Belize will strengthen the climate resilience of its energy sector as a result of a US$8 million grant from the Global Environment Facility (GEF) approved today by the World Bank Board of Directors.
“A major concern we often grapple with is extreme weather,” said Frank Mena, Belize’s Minister of State for Finance, Public Service, Energy & Public Utilities. “The impact of such events often leads to major set-backs to our development progress,” he added.
Belize is often in the direct path of tropical storms and hurricanes, which are expected to intensify due to climate change. This has caused many human casualties and widespread damages, resulting in costly disruptions of vital public services. The impact of Hurricane Dean in 2007 resulted in US$80-100 million in damages, equivalent to 6-8 percent of GDP, and a near countrywide power blackout. Likewise, Hurricane Earl left another wave of disruptions last month.
“Building climate resilience is a key priority for Belize. This project aims to support the government’s continued efforts to make energy and power systems better prepared and more resilient to storms, hurricanes and natural hazards,” said Sophie Sirtaine, World Bank Country Director for the Caribbean.
Among the concrete results to be achieved by the Energy Resilience for Climate Adaptation Project in Belize are:
- Improved capacity for long-term energy planning, taking into account the impact of climate change;
- Better monitoring of weather and localized impacts of climate change through the installation of meteorological and hydro-meteorological stations across the country;
- Enhanced electricity supply security despite weather events, by strengthening the transmission network and reducing the likelihood of service disruptions;
- Improved preparedness through the design and implementation of an Emergency Response and Recovery Plan for the power sector;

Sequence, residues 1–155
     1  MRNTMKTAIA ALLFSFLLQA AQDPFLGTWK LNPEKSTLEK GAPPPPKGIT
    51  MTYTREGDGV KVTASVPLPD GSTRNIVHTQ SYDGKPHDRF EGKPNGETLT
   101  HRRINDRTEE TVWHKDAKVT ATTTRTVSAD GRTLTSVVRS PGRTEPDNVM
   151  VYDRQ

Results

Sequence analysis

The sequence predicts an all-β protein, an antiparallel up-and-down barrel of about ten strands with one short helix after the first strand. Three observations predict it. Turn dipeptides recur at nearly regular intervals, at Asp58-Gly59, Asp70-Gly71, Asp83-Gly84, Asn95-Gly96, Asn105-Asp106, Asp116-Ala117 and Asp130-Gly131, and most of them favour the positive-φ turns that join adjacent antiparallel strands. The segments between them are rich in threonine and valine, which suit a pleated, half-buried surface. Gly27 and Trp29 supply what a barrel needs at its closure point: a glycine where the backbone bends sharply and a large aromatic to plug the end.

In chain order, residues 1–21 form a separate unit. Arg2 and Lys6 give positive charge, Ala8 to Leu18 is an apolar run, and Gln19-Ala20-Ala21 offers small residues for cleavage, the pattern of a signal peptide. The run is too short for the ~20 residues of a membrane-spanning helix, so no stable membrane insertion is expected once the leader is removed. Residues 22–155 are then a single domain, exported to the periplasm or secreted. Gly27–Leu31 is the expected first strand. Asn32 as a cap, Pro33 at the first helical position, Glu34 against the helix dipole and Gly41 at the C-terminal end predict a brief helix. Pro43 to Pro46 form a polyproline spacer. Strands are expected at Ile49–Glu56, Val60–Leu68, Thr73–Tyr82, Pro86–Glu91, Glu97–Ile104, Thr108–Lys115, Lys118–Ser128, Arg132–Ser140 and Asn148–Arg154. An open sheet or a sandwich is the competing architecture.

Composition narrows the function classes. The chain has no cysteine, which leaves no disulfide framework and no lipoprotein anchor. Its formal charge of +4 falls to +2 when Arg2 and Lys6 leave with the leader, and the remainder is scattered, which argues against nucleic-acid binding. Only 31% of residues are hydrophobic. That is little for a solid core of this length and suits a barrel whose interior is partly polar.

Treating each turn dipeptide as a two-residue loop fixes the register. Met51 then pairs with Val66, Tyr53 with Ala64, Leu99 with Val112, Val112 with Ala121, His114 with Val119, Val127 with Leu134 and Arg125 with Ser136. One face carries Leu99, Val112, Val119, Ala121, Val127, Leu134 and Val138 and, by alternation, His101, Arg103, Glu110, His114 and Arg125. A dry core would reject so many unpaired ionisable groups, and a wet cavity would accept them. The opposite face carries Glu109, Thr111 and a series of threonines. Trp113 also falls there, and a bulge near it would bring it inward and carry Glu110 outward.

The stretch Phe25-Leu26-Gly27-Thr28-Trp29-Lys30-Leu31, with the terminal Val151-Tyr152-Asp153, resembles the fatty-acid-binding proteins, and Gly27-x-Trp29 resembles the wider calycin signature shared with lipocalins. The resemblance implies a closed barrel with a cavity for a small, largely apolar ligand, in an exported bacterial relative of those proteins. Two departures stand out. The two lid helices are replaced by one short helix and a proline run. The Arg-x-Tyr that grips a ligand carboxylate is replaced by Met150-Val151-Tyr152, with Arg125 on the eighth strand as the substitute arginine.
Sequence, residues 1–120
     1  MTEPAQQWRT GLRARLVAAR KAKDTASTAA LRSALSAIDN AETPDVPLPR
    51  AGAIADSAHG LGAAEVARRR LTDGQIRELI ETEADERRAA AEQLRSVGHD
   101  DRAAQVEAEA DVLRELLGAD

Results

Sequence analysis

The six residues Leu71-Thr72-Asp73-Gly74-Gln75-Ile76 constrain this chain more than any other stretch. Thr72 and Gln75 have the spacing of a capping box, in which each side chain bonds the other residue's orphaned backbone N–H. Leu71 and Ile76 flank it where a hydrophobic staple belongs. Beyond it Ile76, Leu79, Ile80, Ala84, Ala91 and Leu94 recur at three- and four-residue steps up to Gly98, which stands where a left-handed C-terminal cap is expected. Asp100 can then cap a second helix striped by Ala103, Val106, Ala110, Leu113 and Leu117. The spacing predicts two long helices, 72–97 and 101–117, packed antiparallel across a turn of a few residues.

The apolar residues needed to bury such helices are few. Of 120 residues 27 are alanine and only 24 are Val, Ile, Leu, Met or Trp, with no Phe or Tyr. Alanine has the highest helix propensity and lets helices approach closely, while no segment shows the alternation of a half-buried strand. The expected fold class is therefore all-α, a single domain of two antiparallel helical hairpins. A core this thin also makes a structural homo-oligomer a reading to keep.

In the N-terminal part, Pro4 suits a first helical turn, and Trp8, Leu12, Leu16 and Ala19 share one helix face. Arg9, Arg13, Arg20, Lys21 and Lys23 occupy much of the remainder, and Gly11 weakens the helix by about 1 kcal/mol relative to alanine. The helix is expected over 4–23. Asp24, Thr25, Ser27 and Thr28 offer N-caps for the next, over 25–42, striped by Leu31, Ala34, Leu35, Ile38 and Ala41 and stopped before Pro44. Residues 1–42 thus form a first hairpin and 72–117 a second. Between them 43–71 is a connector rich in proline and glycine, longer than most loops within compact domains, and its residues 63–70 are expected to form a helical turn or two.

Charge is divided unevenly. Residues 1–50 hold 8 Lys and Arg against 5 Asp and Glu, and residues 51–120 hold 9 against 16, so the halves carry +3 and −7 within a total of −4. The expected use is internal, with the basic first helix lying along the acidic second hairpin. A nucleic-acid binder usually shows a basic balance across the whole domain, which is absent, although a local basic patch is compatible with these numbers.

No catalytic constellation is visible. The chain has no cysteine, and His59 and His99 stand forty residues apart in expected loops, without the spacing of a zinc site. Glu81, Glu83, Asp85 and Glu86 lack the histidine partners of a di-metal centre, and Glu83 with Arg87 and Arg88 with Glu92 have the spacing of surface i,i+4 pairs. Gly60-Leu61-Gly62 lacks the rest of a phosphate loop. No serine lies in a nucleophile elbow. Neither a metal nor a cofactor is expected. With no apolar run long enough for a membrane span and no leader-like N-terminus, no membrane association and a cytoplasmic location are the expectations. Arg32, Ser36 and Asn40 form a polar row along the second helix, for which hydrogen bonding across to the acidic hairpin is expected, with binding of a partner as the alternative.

- Revitalized communication network of the power company, ensuring better command and control coordination during response and recovery operations.
This four year project is financed by a US$8 million grant from the Global Environment Facility’s Special Climate Change Fund (SCCF) and US$3.9 million counterpart financing from the Government of Belize and the Belize Electricity Limited (BEL) company.
Credit: World Bank
Ambassador Manorma P. Soeknandan, PhD., Deputy Secretary General of the Caribbean Community (CARICOM), is in Belize for a three day working visit. Ambassador Soeknandan is meeting with officials of the Government of Belize, as well as representatives of the various CARICOM institutions headquartered in Belize.
On Tuesday May 24th, 2016, Dr. Soeknandan accompanied by Craig Beresford, Director of Strategic Management at the CARICOM Secretariat, visited the Caribbean Community Climate Change Centre (CCCCC) which is headquartered in Belmopan, the Capital of Belize. She met with the staff and the Executive Director, Dr. Kenrick Leslie. Dr. Leslie outlined the progression of the institution to a Centre of Excellence and as the first regional entity, accredited to the Green Climate Fund which will invest in low-emission and climate-resilient development projects in the Caribbean. Soeknandan spoke about the importance of collaboration and a partnership was further strengthened as the CCCCC agreed to share its human resources in regards to highlighting best financial and procurement practices which serve to help adaptation and mitigation projects in the region.
Ambassador Soeknandan told the staff of the 5C’s, “I would like to say on behalf of the CARICOM Secretariat thank you for your input and your support to the organization and the region.”
The Government of Belize, through the Ministry of Forestry, Fisheries and Sustainable Development, is accepting Project Idea Notes (PINs) focused on energy efficiency and conservation, solid and liquid bio-fuels and biogas, wind and solar energy and the transport sector until 4pm on Friday, August 23, 2013.
The PINs are a requirement for Belize’s participation in the Clean Development Mechanism capacity building programme, and will be submitted as part of the project approval process as set out in the fourth and fifth schedule of the Environmental Protection (Clean Development Mechanism) Regulations, 2011.
The CDM programme is being implemented in collaboration with the European Commission and United Nations Environment Programme, through the UNEP RISO Centre—a leading international research and advisory institution on energy, climate and sustainable development.
The request for expressions of interest is aimed at national and/or regional project developers and consultants with technical and other capacities in the identification, design and implementation of projects—preferably in the environmental field.
The project seeks to strengthen the technical capacity of national consultants in the design of Project Idea Notes (PIN).